Home > "Tulku Tenpa", William Cassidy > No Path – No Way Out

No Path – No Way Out

February 10, 2010 Leave a comment Go to comments

I read Cassidy’s post, “Masks for the Retinue,” and the first 3/4 of it made sense to me.  Knowing of Cassidy’s abysmal character, it was surprising to read his acknowledgement that he is in the twilight of his life, reflecting on what a wreck and waste his life had been.  Finally regretful of the energy he’d spent in lies and chasing after pleasures instead of soaking in the nourishment and blessing of the Dharma and the pure masters he had the good fortune to encounter.  He confesses that he didn’t take advantage of his brief encounter with that purity.  This is a difficult but poignant realization that we all need to make constantly on the path.  This part makes sense to me.

But then he goes all pathless path and I lose him.  And he sadly loses the point too.  No doubt he’d correct me by saying that’s the point.  I think that kind of dialectic is an equal waste of time.  Too bad.  He had a glimpse of the truth about the preciousness of his human rebirth but no resolve to use what little time he has left to make any effort to progress along his spiritual path.  Instead, he floats off distracted by abstraction again.  The pathless path is only revealed after one sincerely plods along the path, using an exacting method with discipline, and ultimate accomplishment. From Dakini Teachings:  Padmasambhava’s Oral Instructions to Lady Tsogyal, Master Padmasambhava said, “Whether you meditate on emptiness or anything else, it is mistaken meditation practice unless it becomes an effective remedy against disturbing emotions and ordinariness.  Something that does not counteract the disturbing emotions and ordinariness is cause for falling into samsaric existence.”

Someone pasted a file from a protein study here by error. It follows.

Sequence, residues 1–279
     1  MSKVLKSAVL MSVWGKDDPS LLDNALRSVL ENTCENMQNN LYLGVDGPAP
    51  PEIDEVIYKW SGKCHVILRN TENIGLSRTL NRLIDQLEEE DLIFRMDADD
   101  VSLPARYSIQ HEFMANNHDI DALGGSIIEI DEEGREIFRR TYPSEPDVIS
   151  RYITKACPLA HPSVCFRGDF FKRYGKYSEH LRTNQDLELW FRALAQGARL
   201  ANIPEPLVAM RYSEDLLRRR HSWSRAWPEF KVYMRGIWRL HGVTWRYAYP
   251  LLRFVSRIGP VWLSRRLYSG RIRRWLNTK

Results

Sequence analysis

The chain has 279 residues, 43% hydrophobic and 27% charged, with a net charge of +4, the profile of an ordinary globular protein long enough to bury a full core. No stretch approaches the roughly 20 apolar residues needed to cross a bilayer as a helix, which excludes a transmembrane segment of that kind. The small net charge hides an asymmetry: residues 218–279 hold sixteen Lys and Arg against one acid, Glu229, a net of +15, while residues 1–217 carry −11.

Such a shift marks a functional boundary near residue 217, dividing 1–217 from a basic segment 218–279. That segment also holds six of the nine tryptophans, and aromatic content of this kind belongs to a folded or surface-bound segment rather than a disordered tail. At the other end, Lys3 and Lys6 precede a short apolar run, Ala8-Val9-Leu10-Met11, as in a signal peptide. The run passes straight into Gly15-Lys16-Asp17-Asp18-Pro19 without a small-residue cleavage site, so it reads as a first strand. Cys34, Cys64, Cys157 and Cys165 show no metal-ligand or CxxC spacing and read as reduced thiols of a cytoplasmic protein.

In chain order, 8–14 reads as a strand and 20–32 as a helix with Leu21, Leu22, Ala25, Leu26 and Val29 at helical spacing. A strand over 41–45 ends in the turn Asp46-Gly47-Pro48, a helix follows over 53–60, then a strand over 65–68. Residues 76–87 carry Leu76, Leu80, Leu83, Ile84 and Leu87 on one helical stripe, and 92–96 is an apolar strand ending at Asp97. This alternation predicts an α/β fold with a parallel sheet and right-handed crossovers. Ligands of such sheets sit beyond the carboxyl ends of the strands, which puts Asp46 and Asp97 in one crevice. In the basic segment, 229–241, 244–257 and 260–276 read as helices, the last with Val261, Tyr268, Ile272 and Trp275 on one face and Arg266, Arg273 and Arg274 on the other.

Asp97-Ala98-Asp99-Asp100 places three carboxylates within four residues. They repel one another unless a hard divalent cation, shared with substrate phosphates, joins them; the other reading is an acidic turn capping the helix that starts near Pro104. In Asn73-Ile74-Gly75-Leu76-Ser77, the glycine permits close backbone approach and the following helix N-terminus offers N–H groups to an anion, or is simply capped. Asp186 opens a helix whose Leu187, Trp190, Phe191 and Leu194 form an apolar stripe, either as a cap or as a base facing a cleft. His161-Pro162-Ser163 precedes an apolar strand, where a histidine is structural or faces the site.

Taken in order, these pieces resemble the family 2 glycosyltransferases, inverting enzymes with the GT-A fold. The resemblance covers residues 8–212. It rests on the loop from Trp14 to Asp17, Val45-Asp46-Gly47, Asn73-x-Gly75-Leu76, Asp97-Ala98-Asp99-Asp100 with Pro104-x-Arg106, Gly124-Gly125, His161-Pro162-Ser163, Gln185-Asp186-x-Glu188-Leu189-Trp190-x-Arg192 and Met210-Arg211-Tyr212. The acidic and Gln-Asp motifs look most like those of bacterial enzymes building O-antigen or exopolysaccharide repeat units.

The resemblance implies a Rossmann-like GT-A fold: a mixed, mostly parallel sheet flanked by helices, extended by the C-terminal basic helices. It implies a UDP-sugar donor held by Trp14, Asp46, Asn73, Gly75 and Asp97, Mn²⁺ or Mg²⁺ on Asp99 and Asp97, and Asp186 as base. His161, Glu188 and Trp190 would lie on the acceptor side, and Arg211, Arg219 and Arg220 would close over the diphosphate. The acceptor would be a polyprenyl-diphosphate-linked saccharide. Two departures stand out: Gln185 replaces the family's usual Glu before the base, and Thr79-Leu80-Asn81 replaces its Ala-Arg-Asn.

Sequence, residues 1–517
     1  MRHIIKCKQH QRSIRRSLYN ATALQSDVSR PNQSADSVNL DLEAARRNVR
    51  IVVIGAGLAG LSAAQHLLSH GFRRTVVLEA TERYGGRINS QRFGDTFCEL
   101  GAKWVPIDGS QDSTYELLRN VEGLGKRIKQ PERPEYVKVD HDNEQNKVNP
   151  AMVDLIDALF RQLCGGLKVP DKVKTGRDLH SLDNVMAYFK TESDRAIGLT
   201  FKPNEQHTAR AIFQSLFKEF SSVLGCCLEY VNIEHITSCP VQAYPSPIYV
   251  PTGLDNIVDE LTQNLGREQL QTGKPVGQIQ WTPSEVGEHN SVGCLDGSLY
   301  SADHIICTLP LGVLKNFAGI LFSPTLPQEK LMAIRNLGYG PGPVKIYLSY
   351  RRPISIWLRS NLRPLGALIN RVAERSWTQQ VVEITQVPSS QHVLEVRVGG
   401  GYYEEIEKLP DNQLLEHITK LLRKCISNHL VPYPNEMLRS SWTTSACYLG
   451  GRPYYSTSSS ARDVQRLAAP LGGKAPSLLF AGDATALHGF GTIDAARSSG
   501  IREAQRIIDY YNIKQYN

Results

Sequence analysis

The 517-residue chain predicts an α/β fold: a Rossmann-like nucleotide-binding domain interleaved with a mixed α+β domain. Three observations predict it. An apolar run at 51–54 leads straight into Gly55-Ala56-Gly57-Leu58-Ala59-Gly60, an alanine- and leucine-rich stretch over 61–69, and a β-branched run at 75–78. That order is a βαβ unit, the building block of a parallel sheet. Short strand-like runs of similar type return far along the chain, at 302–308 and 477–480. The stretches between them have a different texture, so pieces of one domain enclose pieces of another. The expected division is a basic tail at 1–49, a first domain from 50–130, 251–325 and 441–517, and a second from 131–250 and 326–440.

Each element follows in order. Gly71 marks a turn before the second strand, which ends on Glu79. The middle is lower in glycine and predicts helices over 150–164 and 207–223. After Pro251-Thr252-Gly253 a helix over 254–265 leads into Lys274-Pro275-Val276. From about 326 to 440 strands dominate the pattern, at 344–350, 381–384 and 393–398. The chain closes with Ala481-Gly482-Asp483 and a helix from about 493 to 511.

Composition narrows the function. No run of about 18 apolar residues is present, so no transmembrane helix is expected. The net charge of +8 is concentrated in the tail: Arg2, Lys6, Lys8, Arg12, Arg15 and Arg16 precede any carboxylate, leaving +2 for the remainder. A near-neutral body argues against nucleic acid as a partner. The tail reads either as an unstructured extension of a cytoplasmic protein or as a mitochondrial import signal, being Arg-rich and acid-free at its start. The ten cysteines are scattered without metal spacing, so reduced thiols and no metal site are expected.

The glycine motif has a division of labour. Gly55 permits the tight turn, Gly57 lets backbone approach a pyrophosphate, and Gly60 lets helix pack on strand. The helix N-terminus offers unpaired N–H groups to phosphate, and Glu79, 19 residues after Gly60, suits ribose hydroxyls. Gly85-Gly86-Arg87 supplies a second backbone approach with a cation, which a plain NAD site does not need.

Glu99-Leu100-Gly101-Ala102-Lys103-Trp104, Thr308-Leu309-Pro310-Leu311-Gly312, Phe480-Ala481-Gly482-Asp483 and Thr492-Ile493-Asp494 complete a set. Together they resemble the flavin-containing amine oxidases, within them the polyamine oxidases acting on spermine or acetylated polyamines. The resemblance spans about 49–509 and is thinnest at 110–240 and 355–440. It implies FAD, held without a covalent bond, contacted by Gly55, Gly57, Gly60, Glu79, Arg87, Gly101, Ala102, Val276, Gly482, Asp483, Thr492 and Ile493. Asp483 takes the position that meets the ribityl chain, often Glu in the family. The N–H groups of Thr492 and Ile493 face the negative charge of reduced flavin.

There is no accomplishment without hard work.  There is no “magic.”  The path requires the constant acknowledgement and rooting out of one’s poisons, along with the development of sincere compassion, and complete reliance on one’s Guru. According to Master Padmasambhava, “No matter how much you may be acclaimed as learned in study, exposition, and meditation, if your intention is only the eight worldly concerns, your activity is called black Dharma practice.”

Will Mr. Cassidy finally rely on His Guru, and sincerely do the work it takes to attain liberation?  Only he can answer that.  Until then, he is pathless.

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